My DVDs are now manufactured and shipped by CreateSpace, a subsidiary of Amazon, and I designed a new sleeve for my “Diving in Bali” DVD. You can still find them at http://www.bubblevision.com/marine-life-DVD.htm
Answer to my video puzzle “How Many Fish?”. There are 2 frogfishes here. I never saw the far one until I watched this video back on my computer.
How many fish do you see in this video? Answers in the comments please. If you think you know the species (common name or scientific name), please add that too.
Scuba diving in Bali. This DVD is available to purchase on my website.
Diving in Bali is a document of an extraordinary expedition I made to Indonesia’s magical island of Bali in 2006 with Aquamarine Diving. From Tulamben’s awesome USAT Liberty wreck, to the reef manta rays of Nusa Penida, via the fascinating macro marine life of Tulamben and Seraya Secrets, the footage covers the breadth of Bali’s fascinating underwater world.
The video features 158 species of marine life, and their common and scientific names are available by turning on the captions with the CC button under the video.
From Tulamben there is footage of the wreck of the USAT Liberty in both day time and night time, including the humphead parrotfish that spend the night there. Also from Tulamben are numerous marine live encounters from dives at the Drop-Off and the Coral Garden.
Just around the corner we make a dive at Seraya Secrets, a macro hotspot where I encountered seahorses and nudibranchs. From Padangbai on the east coast of Bali we have footage from The Blue Lagoon and Pura Jepun. From the island of Nusa Penida we have the manta ray cleaning station, Manta Point, and Ped.
Full list of dive sites featured in this video:
1. USAT Liberty Shipwreck, Tulamben
The USAT Liberty was torpedoed by the Japanese off Lombok and beached at Tulamben in Bali. In 1963 the last eruption of Mount Agung caused the wreck to slide deeper into the sea where she lies today. The USAT Liberty shipwreck makes an excellent dive site. This video features the towering stern, the coral-encrusted gun on the bow, green humphead parrotfish (Bolbometopon muricatum), a Pacific hawksbill turtle (Eretmochelys imbricata bissa), garden eels, sweetlips and lots of other interesting marine life from the wreck and its surroundings.
The USAT Liberty also makes a fantastic night dive. Green humphead parrotfish sleep in the protection of the wreck. Other highlights include a Spanish dancer and a bluespotted ribbontail ray.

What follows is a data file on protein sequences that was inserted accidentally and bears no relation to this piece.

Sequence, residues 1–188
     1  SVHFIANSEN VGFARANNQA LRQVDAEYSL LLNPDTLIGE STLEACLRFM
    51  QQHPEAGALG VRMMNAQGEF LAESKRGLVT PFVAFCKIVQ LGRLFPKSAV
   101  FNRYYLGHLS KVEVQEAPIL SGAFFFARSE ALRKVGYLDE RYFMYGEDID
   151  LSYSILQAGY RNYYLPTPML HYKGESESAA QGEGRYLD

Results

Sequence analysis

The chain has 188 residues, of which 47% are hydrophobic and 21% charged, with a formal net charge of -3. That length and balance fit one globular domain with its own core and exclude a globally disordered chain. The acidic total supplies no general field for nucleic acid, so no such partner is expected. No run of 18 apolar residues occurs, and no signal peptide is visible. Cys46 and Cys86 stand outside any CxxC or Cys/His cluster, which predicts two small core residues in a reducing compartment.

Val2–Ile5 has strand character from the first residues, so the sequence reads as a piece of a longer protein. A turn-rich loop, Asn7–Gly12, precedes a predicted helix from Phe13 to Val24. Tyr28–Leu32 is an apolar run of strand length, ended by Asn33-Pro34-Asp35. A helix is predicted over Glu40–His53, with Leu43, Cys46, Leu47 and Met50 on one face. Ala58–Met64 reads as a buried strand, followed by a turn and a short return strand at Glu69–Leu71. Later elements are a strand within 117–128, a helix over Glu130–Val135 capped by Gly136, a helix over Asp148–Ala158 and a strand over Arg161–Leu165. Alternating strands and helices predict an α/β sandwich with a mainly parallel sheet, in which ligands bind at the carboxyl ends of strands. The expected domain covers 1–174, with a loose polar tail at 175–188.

2. Coral Garden, Tulamben
The Coral Garden at Tulamben lies conveniently right off the middle of the beach. Skunk cleaner shrimps tend to moray eels and groupers at a cleaning station based around a barrel sponge. Also featuring a ribbon eel, ghost pipefish, leaf scorpionfish and trevallies schooling in the shallows.
3. Tulamben Drop-Off
Video from the Drop-Off at Tulamben, Bali, featuring a spectacular giant purple knotted sea fan, nudibranchs, a ghost pipefish and a seahorse. Before and after exploring the Drop-Off we spend time in the shallows where we meet Tulamben’s famous schools of trevallies.
By night the drop-off at Tulamben provides plenty of treats for the visiting diver. This video includes a squat lobster, a cone shell, a dwarf cuttlefish, a hermit crab and various pretty reef fish.
4. Seraya Secrets
Seraya Secrets, nearby to Tulamben, is an exellent muck dive known for weird and wonderful critters. Here we encounter some batfish around the artificial reef project in the shallows. A little deeper we find 2 thorny seahorses, catfish, an anemone crab and nudibranchs.
5. Blue Lagoon, Padangbai
The Padangbai area on the east coast of Bali provides some fantastic diving. Just north of Padangbai lies the Blue Lagoon. This footage comes from my first ever dive in Indonesia with a video camera and features leaf scorpionfish, cuttelfish, anemonefish, lionfish, shrimps, catfish, nudibranchs, moorish idols and a goby.
6. Pura Jepun, Padangbai
Pura Jepun also lies just north of Padangbai and is home to some fantastic marine life. This video features clownish, sweetlips, angelfish, a peacock mantis shrimp, a stingray, a panther grouper, a wart slug, ribbon eels, a scorpionfish and a flying gurnard.
7. Manta Point, Nusa Penida
On the north-east side of Nusa Penida lies a cleaning station for reef manta rays (Manta alfredi) known as “Manta Point”. On 23rd May 2006 we had the pleasure of diving with these graceful giants.
8. PED, Nusa Penida
Ped is sloping reef on the north coast of Nusa Penida. Here we encounter a variety of tropical reef fishes including angelfish, triggerfish, anemonefish and scorpionfish, as well as a rhizostome jellyfish.
Thanks to Toao for the music tracks, “Deep Blue”, “Starbeam”, “Afterglow”, “Time & Space” and “Woodsman”, and to Erik Verkoyen for “Prickly Shark”.
The giant manta ray, Manta birostris, is a common visitor to Thailand. The first manta ray in this video was filmed at Koh Bon’s south-west ridge, north of the Similan Islands in the Andaman Sea, where scuba divers can often encounter giant manta rays.